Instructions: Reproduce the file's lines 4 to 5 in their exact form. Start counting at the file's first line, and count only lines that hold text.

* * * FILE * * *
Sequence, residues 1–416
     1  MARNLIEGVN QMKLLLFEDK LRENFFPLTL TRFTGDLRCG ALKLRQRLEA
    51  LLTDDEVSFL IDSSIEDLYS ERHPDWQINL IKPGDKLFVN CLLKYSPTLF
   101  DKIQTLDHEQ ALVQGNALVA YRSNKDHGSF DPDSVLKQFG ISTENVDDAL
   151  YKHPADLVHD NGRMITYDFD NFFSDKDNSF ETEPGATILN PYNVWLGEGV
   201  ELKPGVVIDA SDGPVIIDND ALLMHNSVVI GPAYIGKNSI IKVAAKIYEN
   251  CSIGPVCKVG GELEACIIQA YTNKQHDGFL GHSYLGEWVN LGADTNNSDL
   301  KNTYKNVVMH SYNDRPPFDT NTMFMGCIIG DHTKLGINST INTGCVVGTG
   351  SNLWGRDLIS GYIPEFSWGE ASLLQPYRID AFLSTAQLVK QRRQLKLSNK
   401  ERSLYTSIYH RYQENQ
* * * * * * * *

   101  DKIQTLDHEQ ALVQGNALVA YRSNKDHGSF DPDSVLKQFG ISTENVDDAL
   151  YKHPADLVHD NGRMITYDFD NFFSDKDNSF ETEPGATILN PYNVWLGEGV